Going forward, it would appear to make sense that somebody who has played the game professionally, and knows how players react in circumstances during a game, would know more than a referee, who in most cases would never have played the game before.

The only downside to this in my opinion would be would the VAR officials listen to what that person would have to say, take on board and put into practice.

Overall, on debatable decisions I am sure they would like some impact from the ex pro, but I fear that the final say on the decision would be down to the VAR official.

I am still unconvinced that they would generally be swayed by expert advice from somebody who has played and understands the game more.

It hurts me to say that I genuinely believe quite a few referees don’t know the game of football. It is not just about knowing the laws of football; it is also about knowing the game.

To simplify and eradicate even more controversy going forward, surely the on field official should be allowed to go and check the pitch side monitor, and then make his own decision.

All too often the man in the middle never goes ahead and puts this into practice. It is the VAR crew who in turn make their own decision, therefore undermining the person who is supposed to be referring the game.

My own solution to this mess would be simple really.

When an incident should be reviewed, let VAR tell the on field official how they see it.

The referee should then go straight to the pitch side monitor to make up his own mind and then decide what decision to go with.

The referee who is officiating the actual game must be the sole person in charge of events on and off the field, in my opinion.

Currently, it is a case of somebody many miles away making decisions that really should be made closer to home.

Danny Ings keeps proving doubters wrong

In a normal world we would have been enjoying the Euro’s but circumstances beyond our control means the tournament will have to be put on hold for another year.

If Euro 2020 would have gone ahead, there would have been one man who would surely have been part of Gareth Southgate’s England squad, Danny Ings.

The Winchester born 27-year-old is already a contender for the Golden Boot award, having hit 18 Premiership goals so far this season, after a brace against Watford at the weekend and is only one behind Jamie Vardy.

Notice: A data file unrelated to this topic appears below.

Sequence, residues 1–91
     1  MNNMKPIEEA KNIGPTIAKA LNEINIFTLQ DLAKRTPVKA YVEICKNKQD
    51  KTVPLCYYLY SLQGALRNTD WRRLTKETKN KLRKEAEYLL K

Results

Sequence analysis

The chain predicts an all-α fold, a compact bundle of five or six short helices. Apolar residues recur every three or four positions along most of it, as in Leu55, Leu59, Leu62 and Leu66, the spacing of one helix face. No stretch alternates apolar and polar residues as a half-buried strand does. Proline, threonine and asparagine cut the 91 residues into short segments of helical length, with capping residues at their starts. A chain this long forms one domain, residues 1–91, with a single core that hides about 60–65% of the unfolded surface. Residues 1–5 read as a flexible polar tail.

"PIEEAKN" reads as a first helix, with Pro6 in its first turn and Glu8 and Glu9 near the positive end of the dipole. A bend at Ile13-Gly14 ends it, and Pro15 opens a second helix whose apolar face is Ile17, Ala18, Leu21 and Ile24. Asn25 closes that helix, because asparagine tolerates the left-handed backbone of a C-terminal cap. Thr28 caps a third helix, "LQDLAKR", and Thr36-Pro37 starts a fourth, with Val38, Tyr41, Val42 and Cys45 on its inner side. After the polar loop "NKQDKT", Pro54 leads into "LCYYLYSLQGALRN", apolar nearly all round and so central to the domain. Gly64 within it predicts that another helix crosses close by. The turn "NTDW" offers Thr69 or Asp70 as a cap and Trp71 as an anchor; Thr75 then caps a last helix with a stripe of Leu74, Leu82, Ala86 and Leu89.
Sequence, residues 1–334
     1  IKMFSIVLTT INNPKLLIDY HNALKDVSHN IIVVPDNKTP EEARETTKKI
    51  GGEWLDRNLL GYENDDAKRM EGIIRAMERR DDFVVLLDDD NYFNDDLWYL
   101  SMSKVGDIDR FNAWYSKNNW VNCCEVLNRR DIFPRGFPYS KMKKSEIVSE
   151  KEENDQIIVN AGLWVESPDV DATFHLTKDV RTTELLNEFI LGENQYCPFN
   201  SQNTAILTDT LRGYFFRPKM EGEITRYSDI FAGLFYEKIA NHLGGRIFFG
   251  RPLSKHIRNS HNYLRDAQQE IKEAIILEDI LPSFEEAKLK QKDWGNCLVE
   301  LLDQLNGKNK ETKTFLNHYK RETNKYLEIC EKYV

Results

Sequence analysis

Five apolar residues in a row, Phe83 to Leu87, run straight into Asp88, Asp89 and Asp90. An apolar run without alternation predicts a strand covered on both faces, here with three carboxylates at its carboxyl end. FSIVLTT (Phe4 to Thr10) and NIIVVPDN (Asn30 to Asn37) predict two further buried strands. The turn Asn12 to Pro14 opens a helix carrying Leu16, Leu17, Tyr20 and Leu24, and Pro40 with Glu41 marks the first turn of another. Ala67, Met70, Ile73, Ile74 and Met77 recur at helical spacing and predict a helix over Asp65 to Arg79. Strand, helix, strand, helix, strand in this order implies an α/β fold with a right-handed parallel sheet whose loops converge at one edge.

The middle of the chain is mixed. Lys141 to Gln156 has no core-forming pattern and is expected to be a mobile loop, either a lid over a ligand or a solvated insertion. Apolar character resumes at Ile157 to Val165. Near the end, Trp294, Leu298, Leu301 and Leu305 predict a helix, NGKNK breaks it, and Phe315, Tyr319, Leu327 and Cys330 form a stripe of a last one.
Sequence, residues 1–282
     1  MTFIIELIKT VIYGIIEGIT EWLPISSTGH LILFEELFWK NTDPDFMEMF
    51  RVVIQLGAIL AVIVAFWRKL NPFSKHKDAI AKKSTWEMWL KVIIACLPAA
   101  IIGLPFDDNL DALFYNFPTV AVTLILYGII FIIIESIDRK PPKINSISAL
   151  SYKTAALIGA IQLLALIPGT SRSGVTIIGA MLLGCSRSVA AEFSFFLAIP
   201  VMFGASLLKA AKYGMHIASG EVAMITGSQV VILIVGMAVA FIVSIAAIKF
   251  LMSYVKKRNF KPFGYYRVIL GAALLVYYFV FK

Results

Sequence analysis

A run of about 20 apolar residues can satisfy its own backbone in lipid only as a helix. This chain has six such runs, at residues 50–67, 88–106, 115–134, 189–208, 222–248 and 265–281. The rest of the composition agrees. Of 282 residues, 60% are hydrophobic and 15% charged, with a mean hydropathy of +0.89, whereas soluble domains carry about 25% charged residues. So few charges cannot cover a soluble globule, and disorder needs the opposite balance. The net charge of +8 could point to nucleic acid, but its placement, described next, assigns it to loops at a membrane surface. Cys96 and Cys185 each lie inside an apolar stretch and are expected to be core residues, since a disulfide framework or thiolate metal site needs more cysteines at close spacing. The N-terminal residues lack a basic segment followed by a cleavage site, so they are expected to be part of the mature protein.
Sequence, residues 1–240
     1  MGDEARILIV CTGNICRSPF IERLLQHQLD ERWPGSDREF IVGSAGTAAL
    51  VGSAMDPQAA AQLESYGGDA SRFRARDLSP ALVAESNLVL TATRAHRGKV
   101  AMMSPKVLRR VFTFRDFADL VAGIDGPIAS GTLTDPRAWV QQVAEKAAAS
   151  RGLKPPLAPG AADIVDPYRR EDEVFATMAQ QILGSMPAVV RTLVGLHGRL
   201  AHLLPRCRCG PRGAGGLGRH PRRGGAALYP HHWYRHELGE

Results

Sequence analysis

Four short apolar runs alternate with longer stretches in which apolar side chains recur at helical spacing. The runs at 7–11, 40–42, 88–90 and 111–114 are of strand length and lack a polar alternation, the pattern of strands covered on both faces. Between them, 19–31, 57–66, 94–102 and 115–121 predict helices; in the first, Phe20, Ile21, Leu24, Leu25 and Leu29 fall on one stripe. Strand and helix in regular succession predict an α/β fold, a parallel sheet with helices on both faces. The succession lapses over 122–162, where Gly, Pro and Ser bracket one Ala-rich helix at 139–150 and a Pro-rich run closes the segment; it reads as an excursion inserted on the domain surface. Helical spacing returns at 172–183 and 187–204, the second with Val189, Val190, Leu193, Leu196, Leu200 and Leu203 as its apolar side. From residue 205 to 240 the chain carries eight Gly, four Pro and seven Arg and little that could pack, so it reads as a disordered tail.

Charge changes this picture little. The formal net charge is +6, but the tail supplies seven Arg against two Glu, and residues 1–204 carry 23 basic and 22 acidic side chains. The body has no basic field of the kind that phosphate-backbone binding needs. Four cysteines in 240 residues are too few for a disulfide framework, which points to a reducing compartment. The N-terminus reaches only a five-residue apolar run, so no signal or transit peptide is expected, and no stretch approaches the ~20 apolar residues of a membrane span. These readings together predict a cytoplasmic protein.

Ings started his career in the youth team at Southampton but was released as a schoolboy. Little did they know at the time that they would be calling for his services again in helping the Saints maintaining their stay in the Premiership.

The prolific striker had two seasons at near rivals Bournemouth back in 2009-11 where he made 27 appearances for the Cherries with seven goals to his name.

In between his time with Bournemouth he was sent out on an initial one-month loan to non-league side Dorchester Town, where he scored on his debut against Ebbsfleet United in a 2-1 home defeat. His loan spell was eventually extended by the Conference South side, with Ings grabbing a further three goals in eight more appearances.

In August 2011 Championship side Burnley secured his services. He went on to play 122 games, hitting the net 38 times. His impressive appearances for The Clarets was rewarded when he won the Championship Player Of The Year at the Football League Awards  in 2014.

A year later Ings joined Liverpool, making his debut in a 3-0 loss to West Ham at Anfield. In October Ings suffered an anterior cruciate ligament injury in his left knee and was ruled out for the rest of the season.

However, Ings proved the doubters and everybody wrong by making a quick recovery  and returned back to the side to feature in the final match of the season against West Brom.

Ings, has always had to fight of injuries in his career and suffered another setback when he damaged his right knee in a League Cup match against Tottenham that would require another spell on the sidelines, this time it was nine months.

In September 2017, Ings made his first appearance in 11 months since his injury when he came on as a substitute in the 2-0 defeat to Leicester City in the EFL Cup. He spent a total of four seasons at Anfield, making just 14 appearances with three goals scored.

Due to the form of Liverpool’s magnificent trio of Salah, Mane and Firmino, Ings felt disillusioned and requested a move away from Liverpool. Ings joined Southampton on an initial loan spell in August 2018, which eventually turned into a permanent move. Since the move back to his original club, Ings has scored twenty-five goals for the Saints and this season in particular has looked a classy forward.